Doesn’t this phrase make you want to vomit? Personally, I find it nauseating, but here’s some “food-for-thought”: the term “content consumption” is actually the mothership concept that spawned this ugly-duckling buzz term. All it means is that time-starved consumers prefer concise headlines, bullet points, easy-to-read lists (unlike mine), and pretty much the opposite of heavy, homogenous-looking text. Makes sense.

Nonetheless, isn’t it amazing how unappetizing this trite phrase sounds? I actually almost puked (in a good way) when Grant Higginson of Welby Consulting tweeted it to us during our “Tweet the most annoying marketing buzzword to win a drone” contest. Needless to say, he won.

Digital Marketing: Basic Strategies Every Beginner Must Know

What is Digital Marketing?

Digital marketing refers to the usage of online advertising tools to project products and services to potential customers. Digital Marketing has become a key component of the marketing strategy of most companies today, because as much as a third of the world’s population now spends time online.

What are the benefits?

Digital marketing provides advantages that were previously unprecedented. With over 2 billion people having an active online presence, online marketing provides an incredible outreach. Also, most social platforms provide their services for free, making them very cost-effective. People also tend to prefer an online marketing approach because of its personal touch and interactive nature. With these features, online advertising provides opportunities that traditional marketing hardly can; and even if it could, it would be a financial and logistical nightmare.

Now that we have established the importance of digital marketing, here are the basic strategies one must apply to get maximum results:

1. Know your audience: It is important that you discern exactly what your brand is, what it stands for, and which people make up your target demographic. This knowledge will enable you select the most appropriate digital platforms for your brand, as well as use available online tools to target customers that will most likely lead to sales conversions.

2. Have a comprehensive strategy: This involves you defining specific goals your brand intends to achieve with online advertising. This allows you to leverage on particular strengths of relevant e-marketing platforms and also use analytical tools such as Google Analytics ton track and manage progress and goal achievement.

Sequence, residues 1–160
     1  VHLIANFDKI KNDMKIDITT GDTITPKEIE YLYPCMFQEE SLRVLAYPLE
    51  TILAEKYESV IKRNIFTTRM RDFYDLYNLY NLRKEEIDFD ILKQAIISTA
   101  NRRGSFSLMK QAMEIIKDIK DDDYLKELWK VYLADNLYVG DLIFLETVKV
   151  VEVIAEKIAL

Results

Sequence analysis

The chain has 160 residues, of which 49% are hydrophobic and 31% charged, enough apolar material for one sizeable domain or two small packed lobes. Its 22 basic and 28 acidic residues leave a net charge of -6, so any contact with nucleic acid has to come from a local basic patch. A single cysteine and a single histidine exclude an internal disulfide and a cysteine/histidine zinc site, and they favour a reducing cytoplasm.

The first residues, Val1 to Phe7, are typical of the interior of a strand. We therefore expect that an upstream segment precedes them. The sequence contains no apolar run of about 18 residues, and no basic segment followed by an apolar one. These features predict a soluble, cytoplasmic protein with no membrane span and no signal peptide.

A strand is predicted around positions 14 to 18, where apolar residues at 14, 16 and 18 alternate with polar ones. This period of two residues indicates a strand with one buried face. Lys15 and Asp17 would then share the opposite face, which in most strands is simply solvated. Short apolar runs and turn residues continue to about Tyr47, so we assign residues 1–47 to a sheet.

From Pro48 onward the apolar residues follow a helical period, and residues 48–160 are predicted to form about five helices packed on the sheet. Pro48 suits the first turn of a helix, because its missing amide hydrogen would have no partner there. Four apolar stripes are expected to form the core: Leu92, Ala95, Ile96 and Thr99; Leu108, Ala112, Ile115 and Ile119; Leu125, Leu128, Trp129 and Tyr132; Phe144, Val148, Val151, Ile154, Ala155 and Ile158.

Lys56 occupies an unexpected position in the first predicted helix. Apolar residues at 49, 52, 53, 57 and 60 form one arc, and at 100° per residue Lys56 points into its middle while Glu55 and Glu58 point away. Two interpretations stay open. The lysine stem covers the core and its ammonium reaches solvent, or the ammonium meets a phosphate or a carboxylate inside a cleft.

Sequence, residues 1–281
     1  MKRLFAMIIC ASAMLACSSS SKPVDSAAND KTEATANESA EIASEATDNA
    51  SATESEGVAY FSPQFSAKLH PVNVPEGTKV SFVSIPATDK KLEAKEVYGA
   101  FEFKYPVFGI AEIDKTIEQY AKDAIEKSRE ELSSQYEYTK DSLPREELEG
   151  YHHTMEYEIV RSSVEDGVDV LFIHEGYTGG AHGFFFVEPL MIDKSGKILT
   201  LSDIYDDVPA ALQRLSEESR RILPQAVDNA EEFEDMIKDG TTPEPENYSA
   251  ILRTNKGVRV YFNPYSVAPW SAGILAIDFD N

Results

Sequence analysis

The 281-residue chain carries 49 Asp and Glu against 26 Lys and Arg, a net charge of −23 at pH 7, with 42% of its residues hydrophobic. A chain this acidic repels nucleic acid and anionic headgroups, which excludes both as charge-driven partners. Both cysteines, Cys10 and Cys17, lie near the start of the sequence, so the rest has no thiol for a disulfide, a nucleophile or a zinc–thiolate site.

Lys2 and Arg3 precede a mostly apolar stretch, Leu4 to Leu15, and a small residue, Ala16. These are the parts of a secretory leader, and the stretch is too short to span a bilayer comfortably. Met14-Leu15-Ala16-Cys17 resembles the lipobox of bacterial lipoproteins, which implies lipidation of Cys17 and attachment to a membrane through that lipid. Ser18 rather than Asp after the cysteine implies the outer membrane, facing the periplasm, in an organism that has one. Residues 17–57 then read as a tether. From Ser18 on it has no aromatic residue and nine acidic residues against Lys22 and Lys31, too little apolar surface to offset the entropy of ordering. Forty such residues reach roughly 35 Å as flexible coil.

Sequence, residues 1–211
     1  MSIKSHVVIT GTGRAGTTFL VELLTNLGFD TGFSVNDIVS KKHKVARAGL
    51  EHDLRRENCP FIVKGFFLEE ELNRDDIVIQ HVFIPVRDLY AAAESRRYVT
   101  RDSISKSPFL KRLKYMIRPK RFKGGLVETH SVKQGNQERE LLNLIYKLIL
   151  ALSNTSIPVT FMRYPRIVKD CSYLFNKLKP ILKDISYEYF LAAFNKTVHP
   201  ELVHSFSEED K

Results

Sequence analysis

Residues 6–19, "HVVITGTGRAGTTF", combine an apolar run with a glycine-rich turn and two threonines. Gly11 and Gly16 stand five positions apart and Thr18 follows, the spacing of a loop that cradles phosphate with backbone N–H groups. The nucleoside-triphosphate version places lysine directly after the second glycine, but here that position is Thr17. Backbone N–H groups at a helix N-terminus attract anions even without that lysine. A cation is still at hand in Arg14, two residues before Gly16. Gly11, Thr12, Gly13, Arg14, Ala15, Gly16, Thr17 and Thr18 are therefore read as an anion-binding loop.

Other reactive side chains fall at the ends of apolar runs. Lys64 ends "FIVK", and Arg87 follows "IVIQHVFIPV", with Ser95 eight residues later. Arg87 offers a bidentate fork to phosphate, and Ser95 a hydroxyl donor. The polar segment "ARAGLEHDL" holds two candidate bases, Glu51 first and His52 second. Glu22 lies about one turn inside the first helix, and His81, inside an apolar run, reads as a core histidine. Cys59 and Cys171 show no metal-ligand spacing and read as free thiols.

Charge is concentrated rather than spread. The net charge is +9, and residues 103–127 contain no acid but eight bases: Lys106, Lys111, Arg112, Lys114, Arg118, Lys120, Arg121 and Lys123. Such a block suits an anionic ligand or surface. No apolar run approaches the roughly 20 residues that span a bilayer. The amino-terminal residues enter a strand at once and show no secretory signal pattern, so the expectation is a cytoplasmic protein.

3. Have Optimized and Integrated accounts across all relevant platforms: It is not just enough to have accounts across several online marketing platforms; you must also make sure that they are functioning to their fullest capability. This includes rich media for all your social media accounts (i.e. quality photos and videos) and regular interaction with your customers; as well as a fast and aesthetically pleasing website with enough backlinks and very active SEO (Search Engine Optimization). Most e-marketing platforms also provide facilities for cross-platform integration, enabling you to seamlessly synchronize your brand’s online presence; and also make it easier for potential customers to locate your brand across different platforms.

4. Have a consistent voice: Carve out a particular niche for yourself which is relevant to your brand, and remain consistent to it throughout all your online activity. Saying something today and something else tomorrow could easily confuse potential customers and chase them away.

5. Provide quality content: With regards to your internet marketing content, go with the acronym QERO, which stands for Quality, Engaging, Regular and Original. If your online content consistently possesses these qualities, you can be sure of comfortably winning over the hearts of several customers.

6. Use Smart Tools: There are a plethora of online marketing platforms, and handling each one separately could be cumbersome. Instead, make your work easier and smarter by using the variety of smart tools available. Tools like Buffer, Everypost and Hootsuite enable you handle several social media accounts at once, MailChimp is great for e-mail marketing, and Adroll helps you re-market to customers who are already loyal.